President-elect Joseph Biden has already put forth some of his agenda for higher education, and media have focused on calls for the incoming president to cancel student debt as a response to the pandemic. Biden has not announced where he stands on canceling all student debt, but he has championed other student-centered proposals. He reportedly promised to double the top amount of Pell Grants, a move welcomed by NYPIRG Program Director Megan Ahearn, who said, “The current maximum Pell Grant covers the lowest share of four-year public college costs in more than 40 years.” Biden’s campaign promised to “[m]ake public colleges and universities tuition-free for all families with incomes below $125,000” and to create “a new grant program to assist community colleges in improving their students’ success.” His higher education plan would offer “two years of community college without debt,” which he says “will immediately offer individuals a way to become work-ready with a two-year degree or an industry certification,” and his plan “will also halve their tuition costs for obtaining a four-year degree, by earning an associate’s degree and then transferring those credits to a four-year college or university.”
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All these ideas will work to make college more affordable. But does the Biden plan offer enough in terms of funding higher education? PSC President Barbara Bowen was among the higher education advocates who have presented ideas on the subject to the Biden transition team. Bowen focused on increased federal support for public colleges and universities and on ending the contingent labor system.
“Few issues during the campaign generated as much excitement as free college tuition and ending the massive nationwide student debt,” said Bowen. “To be close to seeing that become reality is huge. But if the new administration does not devote equal energy to ending the nationwide disinvestment in public colleges, it will be addressing half of the problem. The second half is investment in colleges themselves – and specifically, financial and regulatory incentives to end the atrocious system of contingent labor.” Bowen added that Biden ran in part on his strong support for labor and that he has a chance to think big: Ending the adjunct labor system by investing adequately in public colleges would be a landmark labor accomplishment as well as a transformative event for college workers and students.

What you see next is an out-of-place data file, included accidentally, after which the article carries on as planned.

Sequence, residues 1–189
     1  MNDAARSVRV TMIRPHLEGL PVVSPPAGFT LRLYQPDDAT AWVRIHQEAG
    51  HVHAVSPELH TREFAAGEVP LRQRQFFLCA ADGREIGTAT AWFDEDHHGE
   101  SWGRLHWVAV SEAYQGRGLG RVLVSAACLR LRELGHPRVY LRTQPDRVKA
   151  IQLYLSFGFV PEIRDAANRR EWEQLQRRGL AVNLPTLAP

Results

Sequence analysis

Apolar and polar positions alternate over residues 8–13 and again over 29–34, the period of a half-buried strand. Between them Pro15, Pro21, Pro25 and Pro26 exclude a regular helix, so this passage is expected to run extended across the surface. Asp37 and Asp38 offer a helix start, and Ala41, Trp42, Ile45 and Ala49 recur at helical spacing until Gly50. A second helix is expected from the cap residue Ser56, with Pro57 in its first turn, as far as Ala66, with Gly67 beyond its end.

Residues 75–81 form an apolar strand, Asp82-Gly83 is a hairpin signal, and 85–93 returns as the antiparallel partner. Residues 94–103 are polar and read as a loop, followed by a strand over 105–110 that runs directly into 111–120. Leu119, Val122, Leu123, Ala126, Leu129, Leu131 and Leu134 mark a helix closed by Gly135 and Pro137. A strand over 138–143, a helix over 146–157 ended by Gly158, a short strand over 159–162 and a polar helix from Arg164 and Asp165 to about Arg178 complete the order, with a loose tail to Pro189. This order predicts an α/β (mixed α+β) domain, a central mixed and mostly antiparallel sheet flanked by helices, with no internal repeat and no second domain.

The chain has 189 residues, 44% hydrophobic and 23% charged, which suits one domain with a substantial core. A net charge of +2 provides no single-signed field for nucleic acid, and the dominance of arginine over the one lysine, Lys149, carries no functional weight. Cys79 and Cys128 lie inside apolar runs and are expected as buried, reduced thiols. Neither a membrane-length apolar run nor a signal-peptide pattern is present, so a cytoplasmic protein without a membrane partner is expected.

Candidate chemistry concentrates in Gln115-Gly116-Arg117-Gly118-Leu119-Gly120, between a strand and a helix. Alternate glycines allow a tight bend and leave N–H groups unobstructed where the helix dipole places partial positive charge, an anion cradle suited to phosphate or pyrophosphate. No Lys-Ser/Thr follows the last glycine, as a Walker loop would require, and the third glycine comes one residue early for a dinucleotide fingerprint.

Bowen has worked for several years with the American Federation of Teachers (AFT), where she is a vice president, to develop proposals for increased federal funding for higher education to counteract the massive disinvestment by state governments. Unlike finvestment in K-12 education, federal funding for higher ed comes mainly in the form of direct grants to students, not as support for the colleges themselves. The AFT has called for a reauthorization of the Higher Education Act, which would include the creation of “a new grant program to provide resources to public institutions that serve high numbers and percentages of Pell Grant-eligible students.” The program would be “similar to K-12 education’s Title I grant, which is designed to improve basic programs.” Biden has embraced this proposal.
The Young Invincibles, an organization which, along with the PSC, is a member of CUNY Rising, published a policy paper laying out a higher education agenda for the new administration’s first 100 days. The agenda calls on Biden to expand his plan for free tuition at public colleges and universities, declaring free tuition should apply “regardless of income, citizenship status or criminal record.”
The group said the new Congress should push for a “federal-state partnership program that improves educational opportunities, particularly for students with limited financial capacity.” AAUP President Irene Mulvey also offered ideas to the Biden transition team and focused on issues similar to those Bowen raised: “We support a national movement to increase wages for adjunct faculty in contingent positions. Most are paid literally poverty-level wages. College and university administrations should be held accountable for their employment practices. We are deeply concerned that in the post-pandemic world, higher education will be offered on the backs of contingent faculty. Institutions must be disincentivized from exploiting contingent faculty.”
Mulvey added that “higher education has been eroded to a very large degree over the last 10-20 years and that, in general, restoring funding of public higher education must be a top priority.”